Length: 8.87 m (29 ft. 1 in.)
Wingspan: 14.36 m (47 ft .1 in.)
Height: 3.30 m (10 ft. 10 in.)
Empty weight: 1,010 kg (2,227 lb)
Max takeoff weight: 1,536 kg (3,386 lb)
Powerplant: 1 × Renault 12Fe, 224 kW (300 hp)
Maximum speed: 175 km/h (95 kn, 109 mph)
Range: 900 km (486 nmi, 560 mi)
Service ceiling: 6,000 m (19,685 ft)
Rate of climb: 292 m/s (960 ft/min)
Wing loading: 32 kg/m² (at max. takeoff weight) (6.6 lb/ft²)
Power/mass: 145 W/kg (at max. takeoff weight) (0.09 hp/lb)
Guns: One fixed 7.7 mm (.303 in) Vickers machine gun
Two flexible 7.7 mm (.303 in) Lewis Guns for observer
Bombs (B.2 version): 300 kg (660 lb)
AZ Models’ Breguet 14 A2 depicts a late World War I French reconnaisance aircraft. Based on the instructions, the kit has been marketed in separate versions, namely the A2 reconnnaissance version and the B2 bomber version. This kit is of the former, and while its instruction sheet includes references to options for different bomb loads, this kit being the A2 has none. The kit is molded in grey and comes in a clear, resealable zip lock baggie on two sprues, with an unattached upper wing loose in the baggie. There are 36 plastic parts, 32 photo-etched parts, 5 resin detail parts and a small sheet of transparencies, including those for the instrument panel and a small windscreen. There are only a few engraved panel lines, and the fuselage and wings have a very realistic stressed-skin-over-fabric effect. There is a minor amount of flash on some parts, easily eliminated with an X-acto blade or sanding stick.
The instruction sheet has very little text but is well illustrated, providing excellent guidance on the placement of photo-etch parts as well as a basic paint guide. Curiously, the parts are all numbered in the instructions, but there are no corresponding numbers on the sprues themselves. Luckily, there are relatively few plastic parts to the kit, and the illustrations for the most part are good enough to ensure there is no confusion of one part for another. There are photo-etch details for the cockpit, rear Lewis guns, and in fact the Scarff ring for the guns is made chiefly of PE parts. The only drawback to the instructions is that the rigging diagrams are not step-by-step, but rather a single drawing for the respective A2 and B2 riggings. The illustrations and diagrams both reference different gauges of wire (0.6mm, 0.4mm. and 0.2mm), and careful study will be needed to tell which wire is which, and what gauge it should be.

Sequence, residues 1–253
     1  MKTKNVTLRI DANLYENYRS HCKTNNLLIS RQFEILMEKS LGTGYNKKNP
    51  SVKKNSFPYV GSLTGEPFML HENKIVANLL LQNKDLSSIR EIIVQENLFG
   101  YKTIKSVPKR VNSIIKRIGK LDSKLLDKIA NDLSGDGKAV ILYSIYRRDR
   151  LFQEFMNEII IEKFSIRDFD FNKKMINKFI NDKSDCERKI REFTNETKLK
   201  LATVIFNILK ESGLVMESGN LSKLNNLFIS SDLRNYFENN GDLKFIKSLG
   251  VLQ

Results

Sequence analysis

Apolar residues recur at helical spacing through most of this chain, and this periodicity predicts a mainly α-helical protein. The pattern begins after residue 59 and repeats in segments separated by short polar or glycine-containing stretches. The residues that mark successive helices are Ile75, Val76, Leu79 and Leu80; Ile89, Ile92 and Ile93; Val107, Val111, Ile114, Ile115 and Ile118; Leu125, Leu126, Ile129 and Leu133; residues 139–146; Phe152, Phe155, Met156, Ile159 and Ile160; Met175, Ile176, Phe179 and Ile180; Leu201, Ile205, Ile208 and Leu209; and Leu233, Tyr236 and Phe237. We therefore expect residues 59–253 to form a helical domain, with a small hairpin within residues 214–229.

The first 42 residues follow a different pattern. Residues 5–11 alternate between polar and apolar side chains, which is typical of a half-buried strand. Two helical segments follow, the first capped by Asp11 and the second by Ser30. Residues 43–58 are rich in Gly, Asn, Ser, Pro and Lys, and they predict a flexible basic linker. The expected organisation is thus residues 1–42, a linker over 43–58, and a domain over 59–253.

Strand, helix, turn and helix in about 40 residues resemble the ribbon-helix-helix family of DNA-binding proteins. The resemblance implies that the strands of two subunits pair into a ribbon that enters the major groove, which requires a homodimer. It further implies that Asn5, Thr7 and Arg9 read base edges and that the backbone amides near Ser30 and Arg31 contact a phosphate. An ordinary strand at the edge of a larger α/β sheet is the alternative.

The bottom of the side-opening box has three excellent profile and top view color illustrations, with an illustration of one-half of the undersurface of the wing for all three versions: two for the French Air Arm, and one for a post-war aircraft of the Czechoslovakian Air Force. There is also a paint guide on the box bottom providing specfic references for the Humbrol and Agama paint lines. The decals are by Tally Ho and appear to be of excellent quality, thin, perfectly in register and with no evidence of bleeding.
A detailed kit of an important WWI reconnaissance and attack aircraft. It is cheaper than its resin counterpart, CMK’s 1/72 scale Breguet 14 B.2, by $10 – $12.00, and being mostly plastic, should provide for a simpler build. Highly recommended.